Politics rears its head at Venice Film Fest
Palestinian story 'Miral' catches buzz, Italian politician booedVENICE -- Politics reared its head on the opening days of the Venice Film Festival, with a buzz surrounding Thursday's in-competition screening of Julian Schabel's "Miral," which examines the Palestinian conflict through the eyes of a girl raised in an orphanage, and the news that Iranian director Jafar Panahi was denied the right to exit his country for the screening of his short film "The Accordion."
Earlier, on Wednesday, Italian politicals played a cameo role when the Secretary to the Italian government's Council of Ministers, Gianni Letta, was reportedly booed loudly by the crowd as he entered the opening ceremony of the 67th edition of the festival. Letta is a key figure in the ruling government coalition in Italy currently embroiled in controversy.
Letta later presented a special medal to Italian composer Armando Trovajoli, who turned 93 Thursday. That move was greeted with applause.
Panahi, who was jailed in Iran earlier this year for supporting rival political leader Mirhossein Mousavi, was released in May after a weeklong hunger strike but he has not been able to leave the country since his release.
In May, Panahi was a member of the Cannes Film Festival jury but was unable to attend the event because he was incarcerated, and a month later, after his release, the Taormina Film Festival chose Panahi to receive the Taromina Arte Award, but he was denied permission to make the trip. Panahi's problems have sparked widespread support from the film community.
In Venice, Panahi, who won the Venice Golden Lion award in 2000 for "The Circle," was expected to appear in connection with the screening of "The Accordion." But he was forced to abandon plans when his request to leave the country was not honored. In a statement Panahi said he values the support from the film industry.
"In the most desperate moments of my imprisonment, during the hunger strike, I drew courage from thinking of myself as a proud member of this community," he said. "I think of all the support I received from individuals and from organizations that believe in cinema and n filmmakers' freedom of expression. Let's hope that one day all governments will come to share this idea."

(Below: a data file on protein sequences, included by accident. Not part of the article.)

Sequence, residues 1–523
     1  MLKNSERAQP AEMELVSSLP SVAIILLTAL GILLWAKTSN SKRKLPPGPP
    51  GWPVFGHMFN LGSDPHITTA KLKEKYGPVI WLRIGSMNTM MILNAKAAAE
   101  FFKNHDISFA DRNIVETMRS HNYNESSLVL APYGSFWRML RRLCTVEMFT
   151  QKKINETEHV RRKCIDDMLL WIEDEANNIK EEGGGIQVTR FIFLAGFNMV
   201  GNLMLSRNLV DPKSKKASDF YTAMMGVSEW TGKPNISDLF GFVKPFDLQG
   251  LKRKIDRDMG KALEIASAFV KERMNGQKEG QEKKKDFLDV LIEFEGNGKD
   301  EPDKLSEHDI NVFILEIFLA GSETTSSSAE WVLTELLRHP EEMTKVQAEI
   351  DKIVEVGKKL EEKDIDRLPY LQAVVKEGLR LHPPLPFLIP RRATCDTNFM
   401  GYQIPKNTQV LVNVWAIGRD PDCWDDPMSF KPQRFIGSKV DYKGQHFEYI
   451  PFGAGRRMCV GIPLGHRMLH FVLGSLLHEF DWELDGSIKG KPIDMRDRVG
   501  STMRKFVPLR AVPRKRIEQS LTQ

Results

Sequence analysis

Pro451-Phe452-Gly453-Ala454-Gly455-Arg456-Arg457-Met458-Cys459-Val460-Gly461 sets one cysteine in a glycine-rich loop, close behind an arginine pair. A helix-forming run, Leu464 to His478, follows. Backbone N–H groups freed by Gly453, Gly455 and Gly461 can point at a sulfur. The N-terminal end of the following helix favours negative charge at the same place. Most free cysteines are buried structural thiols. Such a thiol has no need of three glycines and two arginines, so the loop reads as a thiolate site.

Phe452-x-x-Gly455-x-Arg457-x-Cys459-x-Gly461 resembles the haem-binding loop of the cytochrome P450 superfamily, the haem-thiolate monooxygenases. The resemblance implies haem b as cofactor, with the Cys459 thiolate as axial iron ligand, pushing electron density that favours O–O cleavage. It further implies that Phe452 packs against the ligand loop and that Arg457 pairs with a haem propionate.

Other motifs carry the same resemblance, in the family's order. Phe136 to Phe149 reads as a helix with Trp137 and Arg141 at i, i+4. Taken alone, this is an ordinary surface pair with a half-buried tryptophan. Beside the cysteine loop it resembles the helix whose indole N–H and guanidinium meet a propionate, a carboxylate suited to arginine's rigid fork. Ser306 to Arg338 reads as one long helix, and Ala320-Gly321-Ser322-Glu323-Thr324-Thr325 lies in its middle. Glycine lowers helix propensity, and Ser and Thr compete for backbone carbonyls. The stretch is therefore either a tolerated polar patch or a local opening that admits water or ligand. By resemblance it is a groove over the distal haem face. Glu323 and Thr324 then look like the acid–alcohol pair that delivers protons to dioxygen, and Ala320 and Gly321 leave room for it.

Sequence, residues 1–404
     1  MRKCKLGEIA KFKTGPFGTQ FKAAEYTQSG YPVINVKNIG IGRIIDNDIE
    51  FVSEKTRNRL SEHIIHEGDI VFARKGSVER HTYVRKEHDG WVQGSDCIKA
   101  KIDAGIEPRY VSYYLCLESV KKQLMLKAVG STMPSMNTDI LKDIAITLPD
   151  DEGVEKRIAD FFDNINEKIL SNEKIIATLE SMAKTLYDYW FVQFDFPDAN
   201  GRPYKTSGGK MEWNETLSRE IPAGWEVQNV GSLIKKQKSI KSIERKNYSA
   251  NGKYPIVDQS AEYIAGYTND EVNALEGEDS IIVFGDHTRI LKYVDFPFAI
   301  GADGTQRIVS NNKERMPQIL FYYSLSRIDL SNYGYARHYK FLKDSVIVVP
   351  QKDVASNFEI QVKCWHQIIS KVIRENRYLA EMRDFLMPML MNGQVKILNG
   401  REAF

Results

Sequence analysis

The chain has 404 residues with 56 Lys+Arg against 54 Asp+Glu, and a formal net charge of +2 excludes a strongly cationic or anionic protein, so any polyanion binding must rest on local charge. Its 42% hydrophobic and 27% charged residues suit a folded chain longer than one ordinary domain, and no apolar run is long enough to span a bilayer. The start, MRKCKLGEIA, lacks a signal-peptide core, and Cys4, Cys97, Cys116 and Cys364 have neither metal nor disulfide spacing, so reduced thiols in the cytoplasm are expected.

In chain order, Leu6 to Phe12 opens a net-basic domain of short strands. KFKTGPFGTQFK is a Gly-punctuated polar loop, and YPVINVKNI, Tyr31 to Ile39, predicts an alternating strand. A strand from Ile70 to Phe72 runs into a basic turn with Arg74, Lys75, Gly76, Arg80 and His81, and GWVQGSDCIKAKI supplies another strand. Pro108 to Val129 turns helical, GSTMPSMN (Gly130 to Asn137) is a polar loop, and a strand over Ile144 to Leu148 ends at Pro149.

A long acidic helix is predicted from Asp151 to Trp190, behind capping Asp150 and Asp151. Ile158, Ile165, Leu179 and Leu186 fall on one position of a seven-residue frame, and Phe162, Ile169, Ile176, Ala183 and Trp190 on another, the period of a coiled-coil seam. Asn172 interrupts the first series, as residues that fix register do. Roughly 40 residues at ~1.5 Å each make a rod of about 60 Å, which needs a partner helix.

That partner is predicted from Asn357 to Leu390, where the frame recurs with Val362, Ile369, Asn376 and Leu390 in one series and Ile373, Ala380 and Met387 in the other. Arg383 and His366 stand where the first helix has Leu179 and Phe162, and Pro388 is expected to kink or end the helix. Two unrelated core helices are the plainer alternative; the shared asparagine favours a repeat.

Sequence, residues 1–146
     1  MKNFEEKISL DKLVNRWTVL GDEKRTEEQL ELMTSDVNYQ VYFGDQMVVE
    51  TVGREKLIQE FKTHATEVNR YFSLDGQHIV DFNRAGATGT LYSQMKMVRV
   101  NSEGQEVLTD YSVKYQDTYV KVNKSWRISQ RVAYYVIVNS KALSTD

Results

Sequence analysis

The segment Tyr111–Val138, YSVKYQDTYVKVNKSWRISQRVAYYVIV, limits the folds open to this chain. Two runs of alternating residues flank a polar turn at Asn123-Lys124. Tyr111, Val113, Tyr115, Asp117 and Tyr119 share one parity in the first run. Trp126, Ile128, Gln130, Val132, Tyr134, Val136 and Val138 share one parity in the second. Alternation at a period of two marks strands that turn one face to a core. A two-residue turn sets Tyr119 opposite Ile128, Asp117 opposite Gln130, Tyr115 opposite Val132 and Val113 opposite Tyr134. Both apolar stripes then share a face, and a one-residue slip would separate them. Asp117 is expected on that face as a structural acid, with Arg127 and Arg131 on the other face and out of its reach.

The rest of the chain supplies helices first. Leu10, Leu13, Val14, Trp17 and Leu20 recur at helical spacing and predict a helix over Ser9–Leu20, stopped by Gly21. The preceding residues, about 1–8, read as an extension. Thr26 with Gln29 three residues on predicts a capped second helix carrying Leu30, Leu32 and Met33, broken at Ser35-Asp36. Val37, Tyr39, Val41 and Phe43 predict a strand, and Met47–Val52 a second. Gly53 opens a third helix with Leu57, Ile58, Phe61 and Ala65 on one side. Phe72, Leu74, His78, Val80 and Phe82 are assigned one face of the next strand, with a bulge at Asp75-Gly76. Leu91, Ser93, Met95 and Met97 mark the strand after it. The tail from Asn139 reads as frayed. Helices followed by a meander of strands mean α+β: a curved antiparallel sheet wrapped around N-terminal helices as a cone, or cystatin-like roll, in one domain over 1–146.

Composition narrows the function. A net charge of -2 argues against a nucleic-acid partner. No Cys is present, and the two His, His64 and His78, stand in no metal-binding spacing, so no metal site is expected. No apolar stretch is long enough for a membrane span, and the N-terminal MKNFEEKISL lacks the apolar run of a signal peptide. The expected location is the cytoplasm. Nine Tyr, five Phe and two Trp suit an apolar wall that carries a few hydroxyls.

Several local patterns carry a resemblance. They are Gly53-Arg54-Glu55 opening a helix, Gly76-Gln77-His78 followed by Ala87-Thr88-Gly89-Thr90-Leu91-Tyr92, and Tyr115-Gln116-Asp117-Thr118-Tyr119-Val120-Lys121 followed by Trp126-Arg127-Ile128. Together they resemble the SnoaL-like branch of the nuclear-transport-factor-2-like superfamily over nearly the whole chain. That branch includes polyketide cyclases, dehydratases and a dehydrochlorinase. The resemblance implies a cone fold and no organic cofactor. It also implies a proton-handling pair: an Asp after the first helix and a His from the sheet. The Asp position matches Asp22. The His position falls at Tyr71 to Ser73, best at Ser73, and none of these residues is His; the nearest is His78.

"Miral," meanwhile, is being hailed as the first political statement film in a festival that usually features several of them. The film, which is based on an autobiographical novel of the same name by Palestinian journalist Rula Jebreal, explores the social impact of the 1967 Israeli occupation of the Palestinian territories.
In his press briefing, Schnabel -- who took home the top prize in Cannes three years ago for "The Diving Bell and the Butterfly" -- said the source of the story in his film is important to its message.
"Obviously, this is a Palestinian story, but it is very important that an American Jewish filmmaker tell this Palestinian story," Schnabel said. "It's important for Muslims to hear this message, for Jewish people to hear this, and for Israel and for people everywhere."
Thursday was the first full day of the festival, and it also included the screenings of two other in-competition films: "La Pecora Nera" ("The Black Sheep"), one of four Italian films in the main competition, and the French drama "Happy Few."
"La Pecora Nera," from Ascanio Celestini, is set in a psychiatric hospital, while Antony Cordier's "Happy Few" explores the sex lives of couples in their 30s.
The festival concludes Sept. 11.